And speaking of Hillary, comparing her record and promises with the Trump speech demonstrates the differences between the two. David Stockman has noted that Hillary “wants to use government to make government great again” while The Donald wants “to use government to make America great again.” Hillary is indeed the favorite candidate of the Welfare-Warfare State Leviathan, a monster that seeks to dominate overseas while simultaneously stripping Americans of their liberties at home.
Hillary’s record is one of unmitigated belligerency. She enthusiastically supported her President-husband’s devastation of the Balkans in the 1990s, a “police action” in which she repeatedly lied about being “under fire” when she arrived on a visit. And she also signed on to the invasions of Afghanistan in 2001 and Iraq in 2003 carried out by the George W. Bush Administration.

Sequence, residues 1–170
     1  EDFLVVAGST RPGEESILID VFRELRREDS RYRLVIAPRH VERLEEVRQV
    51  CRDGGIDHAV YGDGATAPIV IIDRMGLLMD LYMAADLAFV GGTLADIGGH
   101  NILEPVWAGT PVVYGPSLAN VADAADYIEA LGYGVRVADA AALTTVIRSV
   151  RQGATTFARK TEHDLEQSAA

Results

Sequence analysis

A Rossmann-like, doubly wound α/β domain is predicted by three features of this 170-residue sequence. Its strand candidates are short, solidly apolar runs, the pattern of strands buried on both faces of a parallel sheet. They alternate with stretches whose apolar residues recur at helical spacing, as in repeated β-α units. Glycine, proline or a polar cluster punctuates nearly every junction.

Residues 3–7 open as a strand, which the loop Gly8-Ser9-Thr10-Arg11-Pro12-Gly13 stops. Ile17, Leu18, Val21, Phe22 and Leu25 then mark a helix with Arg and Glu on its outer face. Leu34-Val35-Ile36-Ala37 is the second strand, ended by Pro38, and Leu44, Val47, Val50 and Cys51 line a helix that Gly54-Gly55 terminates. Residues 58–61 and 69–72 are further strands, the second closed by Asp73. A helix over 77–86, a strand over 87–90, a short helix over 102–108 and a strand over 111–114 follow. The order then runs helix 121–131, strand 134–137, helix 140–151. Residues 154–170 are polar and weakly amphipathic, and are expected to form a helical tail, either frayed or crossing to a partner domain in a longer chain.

As Secretary of State, Hillary was the driving force behind “surges” of U.S. forces in Afghanistan, in demanding the attacks on Libya and the overthrow of its leader and in the arming of jihadis in Syria to bring about regime change. Bombing Libya was indeed a Hillary project, initiated at her insistence in spite of misgivings by President Barack Obama. The Libyan fiasco led to government arsenals being looted with the weapons making their way to arm local militias and also to Islamic militants in Central Africa. It is widely believed that the four Americans killed in Benghazi in 2012 were killed while arranging for weapons transfers to the “moderate rebels” in Syria. If success as a diplomat is measured by the ability to destabilize entire regions, Hillary certainly takes center stage as the finest Secretary of State since Madeleine Albright, who famously declared that killing half a million Iraqi children through sanctions was “worth it.” Albright is currently regarded as Hillary’s closest foreign policy adviser.